There’s a lot of ways to define product-market fit success.
The obvious success is sales followed by sales growth. Nothing looks better than having your product adopted by a lot of people.
How you get there has a lot to do with product design but also the framework of design, which is a challenging problem for many businesses. More likely than not, your product fails in the marketplace because of the framework of design. And in some cases, you did not pay attention to innovation and the three states of innovation as described by Clayton Christensen.
A recent article by Harvard Business Review discusses design thinking versus grand design. The company WeChat is used as an example. Design thinking and its user-centric perspective are popular today, but consultants and academics think it’s too structured. The authors argue the grand design approach to product innovation can be more effective than design thinking under certain circumstances.
At the heart of design thinking is the notion that you care about the user. You’re empathetic to their needs and concerns. Grand design thinking is a selective approach hearing advice from the users. You try to drive them to something, not to agree to something they already imagine. There’s a bit of a worry if we listen to everything from design thinking, which often results in increased complexity and loss of coherence. By adopting this ‘dumb user’ perspective of grand design you can create a product that reaches volumes.
Grand design thinking gives less freedom to the collective. There is a faith in a handful of people understanding what the problem is and how to solve it. One big downside is the wrong egos in the room and this top-down stewardship can fail miserably. The idea of design thinking favors the leadership and their coaching style.
In the course of my career, leading with conviction drives incredible product. Yet, at the same time ignoring the market misses the broader goal of selling.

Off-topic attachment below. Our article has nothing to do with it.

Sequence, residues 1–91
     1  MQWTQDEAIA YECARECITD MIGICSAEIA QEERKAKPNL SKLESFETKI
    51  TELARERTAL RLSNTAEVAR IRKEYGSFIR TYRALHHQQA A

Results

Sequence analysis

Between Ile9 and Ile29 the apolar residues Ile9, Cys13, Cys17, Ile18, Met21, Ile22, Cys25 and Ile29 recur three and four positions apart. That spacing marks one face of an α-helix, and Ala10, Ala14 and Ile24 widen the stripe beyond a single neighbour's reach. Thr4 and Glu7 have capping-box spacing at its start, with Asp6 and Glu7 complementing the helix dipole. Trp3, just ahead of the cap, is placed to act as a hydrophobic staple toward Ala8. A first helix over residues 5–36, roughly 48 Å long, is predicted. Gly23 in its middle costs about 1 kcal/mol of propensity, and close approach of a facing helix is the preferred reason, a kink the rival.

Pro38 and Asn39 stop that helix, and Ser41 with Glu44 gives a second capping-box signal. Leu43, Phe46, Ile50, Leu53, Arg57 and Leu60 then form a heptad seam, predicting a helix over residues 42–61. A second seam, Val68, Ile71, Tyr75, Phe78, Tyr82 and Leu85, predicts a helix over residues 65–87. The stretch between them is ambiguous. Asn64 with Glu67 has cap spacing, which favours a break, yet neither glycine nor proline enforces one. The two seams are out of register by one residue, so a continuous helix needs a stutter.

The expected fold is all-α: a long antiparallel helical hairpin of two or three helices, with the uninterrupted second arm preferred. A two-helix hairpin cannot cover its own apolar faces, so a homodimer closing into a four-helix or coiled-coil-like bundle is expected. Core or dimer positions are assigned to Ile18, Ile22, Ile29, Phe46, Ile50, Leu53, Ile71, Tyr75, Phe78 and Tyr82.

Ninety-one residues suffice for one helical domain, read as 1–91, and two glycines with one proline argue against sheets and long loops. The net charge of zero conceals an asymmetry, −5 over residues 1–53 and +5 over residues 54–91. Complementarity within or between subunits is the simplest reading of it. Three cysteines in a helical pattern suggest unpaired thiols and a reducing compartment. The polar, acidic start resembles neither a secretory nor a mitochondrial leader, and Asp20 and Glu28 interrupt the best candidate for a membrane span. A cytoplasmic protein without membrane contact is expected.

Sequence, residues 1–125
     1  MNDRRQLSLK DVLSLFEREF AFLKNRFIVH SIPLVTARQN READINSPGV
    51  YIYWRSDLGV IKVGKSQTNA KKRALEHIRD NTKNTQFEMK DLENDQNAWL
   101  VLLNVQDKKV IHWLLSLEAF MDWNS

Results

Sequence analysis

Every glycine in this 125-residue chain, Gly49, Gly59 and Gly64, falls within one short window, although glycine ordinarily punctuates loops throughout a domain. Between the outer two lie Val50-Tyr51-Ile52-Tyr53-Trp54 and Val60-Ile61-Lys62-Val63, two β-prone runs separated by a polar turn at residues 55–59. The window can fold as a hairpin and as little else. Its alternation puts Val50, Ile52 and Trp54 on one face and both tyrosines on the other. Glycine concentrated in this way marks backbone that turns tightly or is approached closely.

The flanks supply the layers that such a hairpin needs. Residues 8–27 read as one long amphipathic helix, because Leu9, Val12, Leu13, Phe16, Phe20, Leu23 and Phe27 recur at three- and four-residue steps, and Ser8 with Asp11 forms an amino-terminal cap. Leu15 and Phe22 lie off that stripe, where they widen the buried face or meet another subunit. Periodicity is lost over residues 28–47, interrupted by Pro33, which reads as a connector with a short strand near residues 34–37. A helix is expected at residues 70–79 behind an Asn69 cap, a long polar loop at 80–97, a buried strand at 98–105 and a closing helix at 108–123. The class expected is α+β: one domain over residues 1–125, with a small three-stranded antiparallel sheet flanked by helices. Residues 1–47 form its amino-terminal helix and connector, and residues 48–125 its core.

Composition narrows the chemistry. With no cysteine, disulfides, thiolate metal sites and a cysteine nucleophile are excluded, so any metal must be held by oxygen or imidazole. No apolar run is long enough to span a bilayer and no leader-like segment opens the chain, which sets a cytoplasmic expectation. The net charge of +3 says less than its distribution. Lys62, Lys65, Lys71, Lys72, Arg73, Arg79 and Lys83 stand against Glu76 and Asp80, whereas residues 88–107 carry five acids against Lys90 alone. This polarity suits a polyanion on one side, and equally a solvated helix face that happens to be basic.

This is one of the great articles that get you to think, that you can reference back for years. I just don’t agree that this is the framework. This defines two methods with not much in between. Any one method has limitations and with experience, you find blends of methods to fit the business model. I believe a combination of both grand design and design thinking produces products that sell. Too often we try to bucket. Why can’t you mix different methods of grand design and design thinking into something that’s more sensible and less polarizing? I don’t think this article reaches deep enough into successful products and gives a true measure of how to build a framework that improves success dramatically.
For example, Apple throughout its history is a mixture of both. We all hear about Steve Jobs and his fish tank product testing example, but this is a sophisticated company that uses many methods to build products that sell. United Airlines’ loyalty program combines both methods. In some cases parts of the app they use to keep hundreds of thousands active, you have different methods within the same app.
Oreck used a multitude of methods, starting with grand design, then utilized design thinking to round out the product. Of course, that was well over a decade ago. Modern applications like SpiderOak start with a grand design at the foundation level and incorporate design thinking where customer input matters.
In the end, when businesses are too rigid in their product design they fail. Having a healthy mix of listening to customers and solving jobs-to-be-done is how you can create sustainable market share.